I have a set of eight food color gels that I use, which provides me with lots of color options. However, I never use those colors straight up – I used to be a painter, I can’t resist mixing the colors! One of my favorite tricks is using brown to tone down the colors. I find most of the default food colors are a little bright for my taste. Adding a hint of brown makes nice, rich colors. Click here for a chart from Wilton for more color-mixing inspiration.
This color was made using blue, brown and black.
7. When you mix a color, make more than you think you need.
I love making my own colors, but there is one problem…it’s tricky mixing the same exact color more than once. When you create a color, make sure you mix more than you think you need so you don’t run out halfway through the princess’s dress or Superman’s cape!
8. Seek out inspiration for designs!
I have a book called “Cakes for Kids” by Matthew Mead that I LOVE. Either get your hands on that book or another similar title and use it for tips and inspiration. Searching the web is a great tool, too. I always do tons of looking around for shapes and ideas when coming up with the design.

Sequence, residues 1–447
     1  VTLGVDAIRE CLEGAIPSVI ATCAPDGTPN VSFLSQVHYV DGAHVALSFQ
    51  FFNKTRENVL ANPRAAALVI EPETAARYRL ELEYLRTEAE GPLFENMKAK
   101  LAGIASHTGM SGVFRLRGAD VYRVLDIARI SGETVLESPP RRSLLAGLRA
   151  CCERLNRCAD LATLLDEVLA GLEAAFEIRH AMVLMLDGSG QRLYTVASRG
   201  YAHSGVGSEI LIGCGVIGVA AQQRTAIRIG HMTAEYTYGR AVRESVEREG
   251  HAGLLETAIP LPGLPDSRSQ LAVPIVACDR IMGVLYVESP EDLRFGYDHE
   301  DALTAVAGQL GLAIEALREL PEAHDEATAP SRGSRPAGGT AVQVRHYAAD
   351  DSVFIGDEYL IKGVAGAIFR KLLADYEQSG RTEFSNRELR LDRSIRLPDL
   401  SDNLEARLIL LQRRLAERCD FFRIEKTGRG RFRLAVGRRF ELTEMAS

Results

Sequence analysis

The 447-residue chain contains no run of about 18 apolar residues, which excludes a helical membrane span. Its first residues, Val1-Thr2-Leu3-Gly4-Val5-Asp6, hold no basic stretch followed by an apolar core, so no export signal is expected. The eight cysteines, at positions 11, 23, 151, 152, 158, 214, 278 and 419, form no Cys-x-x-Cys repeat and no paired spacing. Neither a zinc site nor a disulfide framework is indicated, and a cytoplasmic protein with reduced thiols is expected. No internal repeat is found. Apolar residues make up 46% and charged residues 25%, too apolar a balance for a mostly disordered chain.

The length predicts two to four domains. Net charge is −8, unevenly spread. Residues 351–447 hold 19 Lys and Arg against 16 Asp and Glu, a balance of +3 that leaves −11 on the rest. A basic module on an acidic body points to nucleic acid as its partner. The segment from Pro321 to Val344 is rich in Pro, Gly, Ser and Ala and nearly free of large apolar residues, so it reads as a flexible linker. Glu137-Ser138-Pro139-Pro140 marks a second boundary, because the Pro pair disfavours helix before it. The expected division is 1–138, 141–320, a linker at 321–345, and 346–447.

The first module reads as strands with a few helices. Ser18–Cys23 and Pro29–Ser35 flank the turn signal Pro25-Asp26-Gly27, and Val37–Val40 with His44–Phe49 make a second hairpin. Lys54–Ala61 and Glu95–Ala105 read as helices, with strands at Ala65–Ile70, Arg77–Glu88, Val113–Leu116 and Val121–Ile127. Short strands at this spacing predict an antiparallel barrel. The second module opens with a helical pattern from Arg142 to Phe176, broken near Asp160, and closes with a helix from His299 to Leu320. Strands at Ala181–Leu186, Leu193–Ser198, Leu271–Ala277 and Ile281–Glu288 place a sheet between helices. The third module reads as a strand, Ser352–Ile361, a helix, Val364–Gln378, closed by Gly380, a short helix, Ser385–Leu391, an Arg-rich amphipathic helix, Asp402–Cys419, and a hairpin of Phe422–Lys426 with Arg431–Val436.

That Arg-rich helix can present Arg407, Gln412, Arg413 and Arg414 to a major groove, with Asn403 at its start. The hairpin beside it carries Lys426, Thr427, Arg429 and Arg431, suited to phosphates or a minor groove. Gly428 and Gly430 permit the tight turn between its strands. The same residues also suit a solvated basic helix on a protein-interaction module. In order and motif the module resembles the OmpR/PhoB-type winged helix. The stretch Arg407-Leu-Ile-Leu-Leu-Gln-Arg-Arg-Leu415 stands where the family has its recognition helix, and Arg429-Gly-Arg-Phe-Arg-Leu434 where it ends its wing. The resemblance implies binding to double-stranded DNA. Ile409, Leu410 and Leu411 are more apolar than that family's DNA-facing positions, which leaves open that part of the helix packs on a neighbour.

9. Keep it Simple
A simple design can be powerful and it’s much easier to execute, so the likelihood of success increases dramatically. And remember, cut the cake into the shapes you need when it’s frozen!
Spiderman ended up being super simple – I just had to shave off the edges of a round cake!
10. Draw the design ahead of time.
Draw your design out on paper ahead of time, real-size. You can then lay that over the cake to cut it to the right shape and it’s not quite as scary when you put frosting to cake.
11. Buy a couple flat spatulas.
I randomly picked up a couple straight spatulas at Michael’s once, not realizing how awesome they are. They have totally changed my ability to spread icing on cakes – it looks so much more smooth and pretty than when I use a butter knife. I have two angled straight spatulas – one little, one big. They are wonderful!